I just asked if there was something I was a little foggy about a little later. I knew all the saftey do's and don'ts. The stuff like better control for bagging just came with practice.

Knock on wood, but I have pretty good results thus far.

Set the brakes, uncollapse and later quarter the slider, walk the lines, flake the cells, control the fabric. It isn't rocket science. :D
"The restraining order says you're only allowed to touch me in freefall"
=P

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Overall, I'd just like to say that I am a bit puzzled at the lack of regulation involved in this facet of the sport. I consider packing to be a VERY important part of skydiving, and why there is no standardized training method for all jumpers is questionable to say the least. Opinions ???



Packing your main isn't that complicated. Stow the brakes on landing and uncollapse the slider. Lines in the middle, fabric outside, slider against the stops, don't push the nose in. Cock the pilot chute. Make sure there's no canopy between bridle and D-bag gromit. Close according to the manufacturer's instructions, keeping the pin between your pull-up cord and closing loop on extraction to prevent premature wear. The parachute will open reliably. If it's a modern design it'll do so comfortably.

You might not have a collapsible pilot chute & slider on your first gear... but thinking about it could make it a habbit. Like CGUMPS with U for undercarriage on final in a Cessna 172 without retractable ger.

Added training packing is just going to make it quicker and less work. What sort of training and techniques are effective will depend a lot on the individual and gear involved.

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There are MANY packing methods (Flat Pack, Pro Pack, Psycho Pack) and all are acceptable. The last thing we want is FAA and/or Other Agency regulating how we pack our mains.



How about the USPA . . . why not let skydivers set some rules about skydiving ?? No one wants the Feds in the picture . . . some skydiver-sanctioned rules would be nice, no??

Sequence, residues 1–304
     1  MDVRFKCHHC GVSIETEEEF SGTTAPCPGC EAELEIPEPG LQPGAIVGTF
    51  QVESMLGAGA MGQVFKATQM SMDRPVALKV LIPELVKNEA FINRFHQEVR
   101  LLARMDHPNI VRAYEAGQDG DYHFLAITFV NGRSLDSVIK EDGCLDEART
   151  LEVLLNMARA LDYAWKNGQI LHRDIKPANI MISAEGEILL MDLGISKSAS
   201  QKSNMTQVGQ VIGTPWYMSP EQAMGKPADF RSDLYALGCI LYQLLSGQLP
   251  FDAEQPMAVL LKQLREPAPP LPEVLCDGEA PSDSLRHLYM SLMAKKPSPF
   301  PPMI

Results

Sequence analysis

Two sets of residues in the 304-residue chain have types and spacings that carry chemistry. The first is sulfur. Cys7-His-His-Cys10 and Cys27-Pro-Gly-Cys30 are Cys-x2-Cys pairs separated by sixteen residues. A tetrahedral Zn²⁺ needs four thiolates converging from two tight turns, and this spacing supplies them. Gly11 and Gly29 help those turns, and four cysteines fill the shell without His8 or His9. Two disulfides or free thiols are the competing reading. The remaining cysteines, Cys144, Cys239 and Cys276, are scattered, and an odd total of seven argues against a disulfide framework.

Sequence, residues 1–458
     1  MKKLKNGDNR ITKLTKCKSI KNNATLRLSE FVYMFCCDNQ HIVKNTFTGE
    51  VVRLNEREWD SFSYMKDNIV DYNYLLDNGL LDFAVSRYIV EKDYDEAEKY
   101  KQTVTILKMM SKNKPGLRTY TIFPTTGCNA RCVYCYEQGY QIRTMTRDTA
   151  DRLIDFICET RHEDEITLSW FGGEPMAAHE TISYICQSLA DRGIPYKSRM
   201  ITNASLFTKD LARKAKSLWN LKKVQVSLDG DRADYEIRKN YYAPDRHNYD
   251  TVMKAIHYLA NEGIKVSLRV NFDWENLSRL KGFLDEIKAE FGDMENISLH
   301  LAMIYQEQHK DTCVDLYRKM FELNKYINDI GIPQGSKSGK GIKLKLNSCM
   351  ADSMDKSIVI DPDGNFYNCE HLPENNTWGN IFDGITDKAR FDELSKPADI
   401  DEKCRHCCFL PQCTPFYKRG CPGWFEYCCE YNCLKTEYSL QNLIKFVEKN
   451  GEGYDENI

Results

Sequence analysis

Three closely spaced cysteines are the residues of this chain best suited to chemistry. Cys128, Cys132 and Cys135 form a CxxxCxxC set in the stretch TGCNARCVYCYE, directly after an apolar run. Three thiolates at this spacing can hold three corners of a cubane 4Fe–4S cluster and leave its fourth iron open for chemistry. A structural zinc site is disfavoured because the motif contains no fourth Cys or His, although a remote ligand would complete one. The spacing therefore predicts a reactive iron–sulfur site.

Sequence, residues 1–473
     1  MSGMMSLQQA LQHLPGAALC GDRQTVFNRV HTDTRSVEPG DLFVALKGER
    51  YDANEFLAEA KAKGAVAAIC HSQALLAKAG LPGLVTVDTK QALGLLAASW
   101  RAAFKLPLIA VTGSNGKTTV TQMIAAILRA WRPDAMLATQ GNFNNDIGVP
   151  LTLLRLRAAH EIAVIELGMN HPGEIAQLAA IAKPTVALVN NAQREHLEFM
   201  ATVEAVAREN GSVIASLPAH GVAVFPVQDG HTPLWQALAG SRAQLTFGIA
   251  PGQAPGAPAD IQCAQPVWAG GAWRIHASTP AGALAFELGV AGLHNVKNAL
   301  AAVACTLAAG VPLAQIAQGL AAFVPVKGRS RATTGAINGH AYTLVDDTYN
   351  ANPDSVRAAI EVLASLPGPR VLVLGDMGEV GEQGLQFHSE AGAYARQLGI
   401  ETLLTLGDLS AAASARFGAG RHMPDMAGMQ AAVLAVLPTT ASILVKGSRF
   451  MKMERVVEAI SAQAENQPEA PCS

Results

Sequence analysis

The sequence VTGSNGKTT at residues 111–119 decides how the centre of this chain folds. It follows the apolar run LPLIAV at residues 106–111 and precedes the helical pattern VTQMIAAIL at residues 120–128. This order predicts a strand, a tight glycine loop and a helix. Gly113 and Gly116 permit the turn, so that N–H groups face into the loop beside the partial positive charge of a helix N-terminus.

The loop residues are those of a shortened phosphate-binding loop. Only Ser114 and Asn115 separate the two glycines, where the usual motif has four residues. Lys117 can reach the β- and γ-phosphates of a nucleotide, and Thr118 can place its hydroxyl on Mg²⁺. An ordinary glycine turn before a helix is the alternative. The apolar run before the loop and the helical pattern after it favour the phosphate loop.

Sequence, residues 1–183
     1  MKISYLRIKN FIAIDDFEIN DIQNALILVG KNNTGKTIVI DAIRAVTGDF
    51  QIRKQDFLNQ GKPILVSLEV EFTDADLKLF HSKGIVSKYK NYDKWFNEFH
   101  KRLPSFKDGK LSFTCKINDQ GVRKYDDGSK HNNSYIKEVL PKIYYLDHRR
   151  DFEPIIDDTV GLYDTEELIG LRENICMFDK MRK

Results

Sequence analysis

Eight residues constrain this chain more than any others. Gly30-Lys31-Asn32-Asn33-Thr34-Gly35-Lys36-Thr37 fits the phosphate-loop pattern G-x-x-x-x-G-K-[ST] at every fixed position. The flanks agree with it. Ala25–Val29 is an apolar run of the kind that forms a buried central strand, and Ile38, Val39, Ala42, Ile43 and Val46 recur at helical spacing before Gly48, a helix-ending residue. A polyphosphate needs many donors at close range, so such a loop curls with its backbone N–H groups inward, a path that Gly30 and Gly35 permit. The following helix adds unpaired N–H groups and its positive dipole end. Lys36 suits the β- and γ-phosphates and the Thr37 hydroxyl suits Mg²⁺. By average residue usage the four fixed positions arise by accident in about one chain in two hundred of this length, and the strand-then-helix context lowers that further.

They're more like 'guidelines' than actual rules :D

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How about the USPA . . . why not let skydivers set some rules about skydiving ?? No one wants the Feds in the picture . . . some skydiver-sanctioned rules would be nice, no??



NO.
Guidelines maybe.. But we have too damn many rules now. And who is going to enforce these Rules??

Too many rules now.

Skydiving is a Big Boy sport. We dont need other people doing more thinking for us. Each DZ is free to set thier own rules.

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Knock on wood, but I have pretty good results thus far.



This is exactly my point !! Should new jumpers be taught to pack with enough confidence to have to "knock on wood" when they are done?? HELLO?? I want to be taught by EXPERIENCED people with many hundreds or thousands of packs so that I am not leaving anything to chance.
You think you understand the situation, but what you don't understand, is that the situation just changed.

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Knock on wood, but I have pretty good results thus far.



This is exactly my point !! Should new jumpers be taught to pack with enough confidence to have to "knock on wood" when they are done?? HELLO?? I want to be taught by EXPERIENCED people with many hundreds or thousands of packs so that I am not leaving anything to chance.



Relax! It'll open.

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Skydiving is a Big Boy sport . We dont need other people doing more thinking for us. Each DZ is free to set thier own rules.



Im sure you are gonna hear about that from some sky-chick Anyhow, I agree with you that we don't need more regulation . . . just STANDARDIZATION !!! Let's get the world's top skydivers together at a big meet to discuss standardized methods for training, packing, equipment, etc. Is that getting people to think for you?? NO . . . its letting experience guide you down the right path.
You think you understand the situation, but what you don't understand, is that the situation just changed.

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was a lot easier to "mentor" when the skydiving community was a fraction of the size that it is today. It seems to me that there are a lot of new jumpers coming up and there just aren't enough instructors to go around to take these people under their wing for free and show them the ropes.



in case you haven’t noticed, This sport is shrinking not growing. I think the fading of the mentoring system is partially to blame.

And yes, You’re correct. It is SAD that there are not enough mentors to go around. The Coach rating requirement has alot to do with that..